In March, the Swiss life sciences company Cutiss sent a piece of skin into space as part of an advanced research and development mission onboard the International Space Station (ISS).
Cutiss is far from alone in turning its eyes to the skies for R&D. The ISS has hosted a number of biotech, pharma and other medical experiments over the years to find out how science plays out in the cosmos. According to the ISS, life sciences research in space can offer a number of insights including how microgravity alters gene expression and DNA regulation; changes cellular function and physiology; improves the growth of protein crystals and optimization of nanofluidic systems, and more.
Cutiss’ experiment is aimed at observing the biological processes and cell behavior of skin tissue in the space environment. Ultimately, Cutiss, which focuses on regenerative medicine, tissue engineering and skin pigmentation, hopes to develop wound healing strategies for astronauts during spaceflight, gain greater understanding of the space environment on human health, and advance new medical treatments and technologies.
“Microgravity could also influence the way we issue therapies and innovation for people on Earth because we could have implications on how the cells are, indeed, programmed to either heal, or heal with scarring, or no scarring,” Cutiss CEO, Daniela Marino, told PharmaVoice.
Other organizations have made biotech in space part of their core business, such as InnoStudio, which conducts what it calls “space chemistry.” In addition to launching the first COVID-19 drug research in space on the ISS, it also specializes in space-related chemical technologies, such as formulation technologies for drug discovery. Its COVID-19 experiment sought to discover the effect of microgravity on the stability of Gilead Sciences’ antiviral remdesivir.
Here are a few other organizations that have recently taken to the stars for their research.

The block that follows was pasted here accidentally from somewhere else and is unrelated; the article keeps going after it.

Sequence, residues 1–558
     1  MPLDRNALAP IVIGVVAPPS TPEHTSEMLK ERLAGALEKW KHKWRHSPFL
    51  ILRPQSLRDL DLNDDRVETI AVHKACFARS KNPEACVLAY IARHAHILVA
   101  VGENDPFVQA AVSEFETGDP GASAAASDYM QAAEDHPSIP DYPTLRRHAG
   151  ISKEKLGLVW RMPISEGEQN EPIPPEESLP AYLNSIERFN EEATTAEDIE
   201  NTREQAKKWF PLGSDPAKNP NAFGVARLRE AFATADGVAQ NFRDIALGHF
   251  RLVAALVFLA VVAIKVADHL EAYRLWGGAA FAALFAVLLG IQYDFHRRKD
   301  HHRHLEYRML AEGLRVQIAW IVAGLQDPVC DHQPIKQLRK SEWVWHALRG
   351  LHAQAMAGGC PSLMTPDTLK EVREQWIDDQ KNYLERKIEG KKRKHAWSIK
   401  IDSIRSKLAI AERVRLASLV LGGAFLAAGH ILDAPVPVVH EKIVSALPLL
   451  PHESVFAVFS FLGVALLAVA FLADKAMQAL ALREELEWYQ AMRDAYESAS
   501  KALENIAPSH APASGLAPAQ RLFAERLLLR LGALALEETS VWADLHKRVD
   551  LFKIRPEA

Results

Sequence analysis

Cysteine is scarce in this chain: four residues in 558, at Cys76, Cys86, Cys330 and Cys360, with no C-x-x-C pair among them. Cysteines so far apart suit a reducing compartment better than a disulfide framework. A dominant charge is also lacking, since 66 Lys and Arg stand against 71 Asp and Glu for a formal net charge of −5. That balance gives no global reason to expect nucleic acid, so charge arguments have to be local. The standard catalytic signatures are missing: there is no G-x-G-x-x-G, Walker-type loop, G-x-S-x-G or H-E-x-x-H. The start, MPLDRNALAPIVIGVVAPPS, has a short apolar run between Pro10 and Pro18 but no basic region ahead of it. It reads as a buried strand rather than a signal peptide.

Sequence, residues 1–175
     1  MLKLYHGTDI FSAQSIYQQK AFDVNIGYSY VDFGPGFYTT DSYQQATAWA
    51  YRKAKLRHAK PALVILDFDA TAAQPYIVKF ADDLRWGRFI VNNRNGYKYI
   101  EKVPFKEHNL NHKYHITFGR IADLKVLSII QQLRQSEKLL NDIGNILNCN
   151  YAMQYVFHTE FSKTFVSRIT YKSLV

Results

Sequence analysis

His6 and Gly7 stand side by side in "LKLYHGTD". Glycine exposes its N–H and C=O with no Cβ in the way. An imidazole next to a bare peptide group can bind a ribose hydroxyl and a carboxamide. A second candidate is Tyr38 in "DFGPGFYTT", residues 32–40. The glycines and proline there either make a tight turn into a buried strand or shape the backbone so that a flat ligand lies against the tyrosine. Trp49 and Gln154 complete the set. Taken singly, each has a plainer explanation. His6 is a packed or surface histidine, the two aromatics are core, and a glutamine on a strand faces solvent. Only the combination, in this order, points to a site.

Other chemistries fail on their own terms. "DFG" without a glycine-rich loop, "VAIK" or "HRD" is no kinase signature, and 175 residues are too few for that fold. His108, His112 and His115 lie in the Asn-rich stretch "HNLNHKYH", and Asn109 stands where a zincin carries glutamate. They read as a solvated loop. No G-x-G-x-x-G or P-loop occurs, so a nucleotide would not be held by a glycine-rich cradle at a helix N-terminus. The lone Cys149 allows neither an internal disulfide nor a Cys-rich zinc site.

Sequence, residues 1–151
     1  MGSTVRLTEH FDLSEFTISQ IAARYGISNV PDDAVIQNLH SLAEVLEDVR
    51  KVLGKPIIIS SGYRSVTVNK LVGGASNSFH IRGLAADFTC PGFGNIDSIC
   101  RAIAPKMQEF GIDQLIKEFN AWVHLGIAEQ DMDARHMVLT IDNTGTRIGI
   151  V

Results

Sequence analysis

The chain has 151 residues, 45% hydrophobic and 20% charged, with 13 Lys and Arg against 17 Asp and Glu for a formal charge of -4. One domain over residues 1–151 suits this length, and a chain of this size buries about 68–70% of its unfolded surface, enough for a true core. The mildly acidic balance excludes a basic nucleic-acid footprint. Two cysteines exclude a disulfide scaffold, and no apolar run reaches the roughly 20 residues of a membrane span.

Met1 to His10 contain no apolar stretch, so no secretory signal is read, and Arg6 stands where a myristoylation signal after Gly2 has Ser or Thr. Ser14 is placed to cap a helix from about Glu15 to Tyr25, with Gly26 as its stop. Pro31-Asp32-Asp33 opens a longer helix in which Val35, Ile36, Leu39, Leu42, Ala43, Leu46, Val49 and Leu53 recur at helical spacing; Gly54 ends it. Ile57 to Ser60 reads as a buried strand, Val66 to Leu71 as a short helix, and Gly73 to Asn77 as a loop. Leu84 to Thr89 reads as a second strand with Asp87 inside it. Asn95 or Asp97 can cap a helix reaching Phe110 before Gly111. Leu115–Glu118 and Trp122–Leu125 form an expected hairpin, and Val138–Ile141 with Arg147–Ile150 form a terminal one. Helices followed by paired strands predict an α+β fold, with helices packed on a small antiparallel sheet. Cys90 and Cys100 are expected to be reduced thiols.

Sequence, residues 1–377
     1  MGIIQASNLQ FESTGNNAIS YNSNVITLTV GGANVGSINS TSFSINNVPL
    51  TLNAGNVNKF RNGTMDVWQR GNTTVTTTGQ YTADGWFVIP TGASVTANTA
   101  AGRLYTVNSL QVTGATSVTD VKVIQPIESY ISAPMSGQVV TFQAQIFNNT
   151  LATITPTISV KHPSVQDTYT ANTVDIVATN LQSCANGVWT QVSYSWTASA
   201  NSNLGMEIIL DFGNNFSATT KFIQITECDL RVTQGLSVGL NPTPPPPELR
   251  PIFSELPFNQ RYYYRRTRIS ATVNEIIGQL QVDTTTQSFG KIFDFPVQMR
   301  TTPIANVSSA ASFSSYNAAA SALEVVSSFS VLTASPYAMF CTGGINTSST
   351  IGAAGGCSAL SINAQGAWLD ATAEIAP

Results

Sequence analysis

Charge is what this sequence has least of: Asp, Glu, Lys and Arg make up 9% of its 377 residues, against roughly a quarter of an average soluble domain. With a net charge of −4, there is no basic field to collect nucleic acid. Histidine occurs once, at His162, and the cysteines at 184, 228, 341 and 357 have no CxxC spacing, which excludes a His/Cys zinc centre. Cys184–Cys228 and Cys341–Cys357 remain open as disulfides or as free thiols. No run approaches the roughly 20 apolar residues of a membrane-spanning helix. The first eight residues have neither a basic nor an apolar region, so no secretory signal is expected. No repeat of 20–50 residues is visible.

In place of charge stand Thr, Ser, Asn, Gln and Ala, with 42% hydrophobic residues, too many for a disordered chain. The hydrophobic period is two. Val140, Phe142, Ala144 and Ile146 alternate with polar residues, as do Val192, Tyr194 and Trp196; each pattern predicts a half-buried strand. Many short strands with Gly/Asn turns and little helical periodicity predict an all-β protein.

BMS looks to improve formulations
In March, Bristol Myers Squibb sent research to the ISS to examine the crystallization of biotherapeutic compounds in microgravity. Since some crystals grow larger and more well-ordered in microgravity than in an Earth-based environment, the research team sought to identify the physical conditions that result in large, high-quality crystals in microgravity.
Such knowledge could be applied to improving the “biomanufacturing processes, elucidation of the structure of complex molecules and convenient delivery of higher doses of therapeutic proteins on Earth,” according to a press announcement.
Axiom’s race to commercialize space
Experiments from several organizations are scheduled to be included on an upcoming mission to the ISS by Axiom Space, a human spaceflight company that aims to build the world’s first commercial space station. Its upcoming Axiom Mission 2 is hoping to deliver a number of noteworthy research from studies about DNA nano therapeutics in collaboration with University of Connecticut, Eascra Biotech and Advanced Solutions Life Sciences; stellar stem cells in collaboration with Board of Governors Regenerative Medicine Institute at Cedars-Sinai; cancer in low-Earth orbit in collaboration with Sanford Stem Cell Institute at UC San Diego; and space tissue and regeneration in collaboration with Wake Forest Institute for Regenerative Medicine and the RegenMed Development Organization.
SpaceX’s heart tissue mission
SpaceX CRS-27, the same launch that sent Bristol Myers Squibb’s crystallization experiment to the ISS, also contained heart tissue experiments from Stanford University and Johns Hopkins Medicine.
The Stanford research team pretreated engineered heart tissues with FDA-approved drugs to evaluate whether the therapeutics would help reduce the negative effects of microgravity on the tissues.
Johns Hopkins, meanwhile, is looking to monitor changes in the heart muscle cells’ mitochondria and ability to contract in low-gravity conditions. During that experiment, astronauts on board during the mission planned to introduce three FDA-approved medicines to the samples to prevent heart cell changes that are known or suspected to occur in those undertaking long-duration spaceflights.
Both the Stanford and Johns Hopkins experiments use micro-engineered human heart tissue-on-a-chip technology, which are engineered to model the structure and function of human tissues and organ systems.